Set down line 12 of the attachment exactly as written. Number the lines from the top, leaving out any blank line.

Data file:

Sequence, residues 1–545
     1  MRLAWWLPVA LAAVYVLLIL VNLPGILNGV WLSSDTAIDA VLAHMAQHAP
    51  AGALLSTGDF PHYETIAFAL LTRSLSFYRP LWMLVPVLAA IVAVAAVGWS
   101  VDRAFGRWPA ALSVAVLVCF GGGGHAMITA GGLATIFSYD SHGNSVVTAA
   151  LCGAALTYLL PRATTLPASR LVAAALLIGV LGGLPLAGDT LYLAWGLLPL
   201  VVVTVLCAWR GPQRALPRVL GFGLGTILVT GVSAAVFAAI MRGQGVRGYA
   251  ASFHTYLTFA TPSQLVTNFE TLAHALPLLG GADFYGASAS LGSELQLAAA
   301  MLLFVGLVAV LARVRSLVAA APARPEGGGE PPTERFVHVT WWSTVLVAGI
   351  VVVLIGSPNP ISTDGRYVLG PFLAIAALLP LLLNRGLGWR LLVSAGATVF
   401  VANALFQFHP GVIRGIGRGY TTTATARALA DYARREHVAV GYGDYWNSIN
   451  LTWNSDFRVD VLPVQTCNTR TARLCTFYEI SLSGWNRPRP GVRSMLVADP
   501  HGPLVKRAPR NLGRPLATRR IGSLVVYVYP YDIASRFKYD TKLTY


   501  HGPLVKRAPR NLGRPLATRR IGSLVVYVYP YDIASRFKYD TKLTY